Was Jesus a small-government, free-market conservative, or a welfare-state advocating liberal? There seems to be a debate about what, if anything, the New Testament offers in terms of government policy. From NPR:
What would Jesus do with the U.S. economy?
That's a matter of fierce debate among Christians — with conservatives promoting a small-government Jesus and liberals seeing Jesus as an advocate for the poor.
After the House passed its budget last month, liberal religious leaders said the Republican plan, which lowered taxes and cut services to the poor, was an affront to the Gospel — and particularly Jesus' command to care for the poor.
Not so, says Wisconsin Republican Rep. Paul Ryan, who chairs the House Budget Committee. He told Christian Broadcasting Network last week that it was his Catholic faith that helped shape the budget plan. In his view, the Catholic principle of subsidiarity suggests the government should have little role in helping the poor.
"Through our civic organizations, through our churches, through our charities — through all of our different groups where we interact with people as a community — that's how we advance the common good," Ryan said.
The best thing that government can do, he said, is get out of the way.
But Stephen Schneck, a political scientist at Catholic University, says he thinks Ryan is "completely missing the boat and not understanding the real heart, the real core, of Catholic social teaching."
Schneck says Catholicism sees everyone as part of a mystical body, serving one another. True, the New Testament does not specifically speak to the government's role. "But charities and individuals and churches can't do it all," Schneck says. "When charities are already stretched to their limit, Catholic social teaching expects the state to step up and to fill that gap."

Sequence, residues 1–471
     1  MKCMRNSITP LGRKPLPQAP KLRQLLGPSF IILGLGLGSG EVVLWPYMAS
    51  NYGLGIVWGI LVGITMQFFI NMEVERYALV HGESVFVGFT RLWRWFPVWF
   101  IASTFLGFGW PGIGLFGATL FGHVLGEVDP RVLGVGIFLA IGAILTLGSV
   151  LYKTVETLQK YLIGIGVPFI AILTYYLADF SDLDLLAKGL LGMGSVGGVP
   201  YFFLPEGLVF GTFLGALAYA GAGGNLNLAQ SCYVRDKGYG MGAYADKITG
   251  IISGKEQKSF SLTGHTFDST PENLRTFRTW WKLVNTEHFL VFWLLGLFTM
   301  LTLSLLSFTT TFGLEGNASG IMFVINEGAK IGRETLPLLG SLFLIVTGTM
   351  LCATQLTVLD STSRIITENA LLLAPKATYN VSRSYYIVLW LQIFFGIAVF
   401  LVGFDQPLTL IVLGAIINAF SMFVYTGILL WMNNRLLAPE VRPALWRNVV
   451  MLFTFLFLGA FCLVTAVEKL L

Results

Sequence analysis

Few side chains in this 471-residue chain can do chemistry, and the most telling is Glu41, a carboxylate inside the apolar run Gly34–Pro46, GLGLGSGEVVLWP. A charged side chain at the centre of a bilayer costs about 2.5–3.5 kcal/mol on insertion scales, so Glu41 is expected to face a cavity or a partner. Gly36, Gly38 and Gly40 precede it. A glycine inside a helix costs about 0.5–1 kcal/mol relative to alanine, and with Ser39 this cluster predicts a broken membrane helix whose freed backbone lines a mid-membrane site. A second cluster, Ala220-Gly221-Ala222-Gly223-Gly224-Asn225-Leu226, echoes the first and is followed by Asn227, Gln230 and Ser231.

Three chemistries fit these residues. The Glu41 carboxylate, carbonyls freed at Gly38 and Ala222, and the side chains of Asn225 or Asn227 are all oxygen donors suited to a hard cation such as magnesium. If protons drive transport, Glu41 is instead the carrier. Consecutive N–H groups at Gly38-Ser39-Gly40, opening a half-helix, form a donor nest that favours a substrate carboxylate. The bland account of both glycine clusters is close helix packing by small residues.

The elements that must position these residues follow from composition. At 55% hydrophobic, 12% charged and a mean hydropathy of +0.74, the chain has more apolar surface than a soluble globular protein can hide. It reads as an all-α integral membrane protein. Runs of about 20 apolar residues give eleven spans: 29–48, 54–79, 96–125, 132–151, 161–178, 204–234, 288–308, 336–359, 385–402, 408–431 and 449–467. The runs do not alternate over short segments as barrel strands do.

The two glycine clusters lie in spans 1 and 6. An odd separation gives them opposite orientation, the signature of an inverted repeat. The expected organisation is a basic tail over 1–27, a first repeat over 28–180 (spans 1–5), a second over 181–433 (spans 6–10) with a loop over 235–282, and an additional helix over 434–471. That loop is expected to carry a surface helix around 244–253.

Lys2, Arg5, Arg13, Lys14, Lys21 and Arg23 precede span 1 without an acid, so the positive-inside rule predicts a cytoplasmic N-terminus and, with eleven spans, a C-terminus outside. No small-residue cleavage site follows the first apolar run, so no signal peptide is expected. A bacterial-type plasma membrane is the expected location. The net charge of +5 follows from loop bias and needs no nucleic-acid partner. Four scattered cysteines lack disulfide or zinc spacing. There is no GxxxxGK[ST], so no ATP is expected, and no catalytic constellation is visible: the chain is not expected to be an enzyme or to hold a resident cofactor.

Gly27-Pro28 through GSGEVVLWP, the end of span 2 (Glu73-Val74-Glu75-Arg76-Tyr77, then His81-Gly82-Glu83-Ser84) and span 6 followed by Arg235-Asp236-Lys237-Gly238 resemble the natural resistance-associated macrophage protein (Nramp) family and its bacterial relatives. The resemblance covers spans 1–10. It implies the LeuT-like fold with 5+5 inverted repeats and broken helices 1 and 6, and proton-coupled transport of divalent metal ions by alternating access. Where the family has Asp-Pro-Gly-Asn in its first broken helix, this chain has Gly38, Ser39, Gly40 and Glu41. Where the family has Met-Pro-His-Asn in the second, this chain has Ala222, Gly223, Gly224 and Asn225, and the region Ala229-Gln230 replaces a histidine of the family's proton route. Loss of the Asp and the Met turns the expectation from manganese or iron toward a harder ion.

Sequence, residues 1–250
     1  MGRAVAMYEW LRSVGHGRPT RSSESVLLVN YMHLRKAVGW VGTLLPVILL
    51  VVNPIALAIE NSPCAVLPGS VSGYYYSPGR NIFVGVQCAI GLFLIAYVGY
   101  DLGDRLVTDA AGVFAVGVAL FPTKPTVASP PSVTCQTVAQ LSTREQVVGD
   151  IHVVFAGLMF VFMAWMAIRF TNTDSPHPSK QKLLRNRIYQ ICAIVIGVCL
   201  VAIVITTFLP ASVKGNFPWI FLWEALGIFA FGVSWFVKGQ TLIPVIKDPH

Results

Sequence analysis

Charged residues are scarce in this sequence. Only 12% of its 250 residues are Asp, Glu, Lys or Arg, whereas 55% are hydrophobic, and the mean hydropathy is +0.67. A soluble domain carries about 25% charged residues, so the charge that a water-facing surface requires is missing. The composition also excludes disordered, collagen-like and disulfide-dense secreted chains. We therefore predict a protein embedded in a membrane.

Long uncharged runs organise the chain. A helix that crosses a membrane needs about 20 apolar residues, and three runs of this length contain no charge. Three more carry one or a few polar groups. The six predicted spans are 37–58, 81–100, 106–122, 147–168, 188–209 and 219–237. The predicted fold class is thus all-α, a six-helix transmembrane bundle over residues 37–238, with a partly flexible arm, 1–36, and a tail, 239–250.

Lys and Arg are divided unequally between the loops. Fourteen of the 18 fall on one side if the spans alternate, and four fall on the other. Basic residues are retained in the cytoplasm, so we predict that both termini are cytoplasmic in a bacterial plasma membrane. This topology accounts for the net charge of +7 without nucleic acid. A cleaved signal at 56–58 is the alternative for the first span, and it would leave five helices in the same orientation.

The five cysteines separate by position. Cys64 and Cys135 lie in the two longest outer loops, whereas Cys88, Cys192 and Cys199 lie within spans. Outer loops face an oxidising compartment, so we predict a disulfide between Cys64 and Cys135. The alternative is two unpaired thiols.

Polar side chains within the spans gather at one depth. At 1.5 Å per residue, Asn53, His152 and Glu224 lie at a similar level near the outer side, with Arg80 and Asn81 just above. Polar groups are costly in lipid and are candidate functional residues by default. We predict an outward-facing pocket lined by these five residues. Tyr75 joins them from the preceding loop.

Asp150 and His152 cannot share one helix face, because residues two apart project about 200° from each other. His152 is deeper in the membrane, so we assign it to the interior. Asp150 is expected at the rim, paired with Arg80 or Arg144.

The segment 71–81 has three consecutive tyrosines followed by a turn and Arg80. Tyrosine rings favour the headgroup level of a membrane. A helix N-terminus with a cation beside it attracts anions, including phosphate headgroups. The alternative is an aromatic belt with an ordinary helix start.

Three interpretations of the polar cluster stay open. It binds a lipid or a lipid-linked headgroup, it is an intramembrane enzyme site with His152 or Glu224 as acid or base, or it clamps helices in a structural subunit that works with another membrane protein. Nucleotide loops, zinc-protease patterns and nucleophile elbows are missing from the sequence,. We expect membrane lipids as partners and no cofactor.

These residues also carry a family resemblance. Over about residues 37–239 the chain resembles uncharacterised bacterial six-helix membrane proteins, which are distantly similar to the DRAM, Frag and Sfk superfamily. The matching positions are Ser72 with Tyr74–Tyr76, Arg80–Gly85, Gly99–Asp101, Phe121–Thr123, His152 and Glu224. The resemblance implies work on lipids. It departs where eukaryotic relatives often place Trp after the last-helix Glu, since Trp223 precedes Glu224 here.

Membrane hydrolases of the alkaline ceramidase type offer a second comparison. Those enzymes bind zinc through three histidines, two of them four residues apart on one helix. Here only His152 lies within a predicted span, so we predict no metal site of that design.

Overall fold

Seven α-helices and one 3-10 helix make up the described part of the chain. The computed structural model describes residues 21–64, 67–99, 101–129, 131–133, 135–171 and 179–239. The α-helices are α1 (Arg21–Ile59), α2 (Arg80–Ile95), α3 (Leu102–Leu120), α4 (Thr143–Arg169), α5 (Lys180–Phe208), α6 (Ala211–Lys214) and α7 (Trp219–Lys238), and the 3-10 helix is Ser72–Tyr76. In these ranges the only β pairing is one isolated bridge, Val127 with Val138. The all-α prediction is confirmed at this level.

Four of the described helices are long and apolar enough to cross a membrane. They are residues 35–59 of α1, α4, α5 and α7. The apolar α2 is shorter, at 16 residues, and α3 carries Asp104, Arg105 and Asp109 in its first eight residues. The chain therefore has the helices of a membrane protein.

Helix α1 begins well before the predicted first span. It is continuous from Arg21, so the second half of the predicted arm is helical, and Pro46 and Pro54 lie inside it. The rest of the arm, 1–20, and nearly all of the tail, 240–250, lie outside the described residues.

A couple weeks ago I watched Bill Maher’s irreverent documentary Religulous, and something said by Rev. V. George Coyne, a Jesuit astronomer who formerly was head of the Vatican Observatory, stuck with me. He was speaking to the debate over creationism and evolution, and he noted that the bible was written at specific points in human history, thousands of years before any texts that would be considered part of what we now call modern science. His point: even if the bible stories offer great insight to the human condition and our relationship to God and one another, the authors never intended for them to be scientific documents.
I wonder if the same can be said about the bible relating to modern governance and economics? The bible offers invaluable insight about how we are to treat one another, but do the texts offer comprehensive models for modern governments to follow? Certainly bible scholars know better than me, but I imagine that for the early Christians, who more or less expected Christ’s second coming to be sooner rather than later, writing economic treatises was less important than proclaiming the good news of the Resurrection. Catholic Social Teaching in particular and Christian ethics in general should be an important and integral part of policy conversation, especially for those lawmakers who consider themselves Catholic, but it is never helpful for either side to claim that God is on their side.
Michael J. O’Loughlin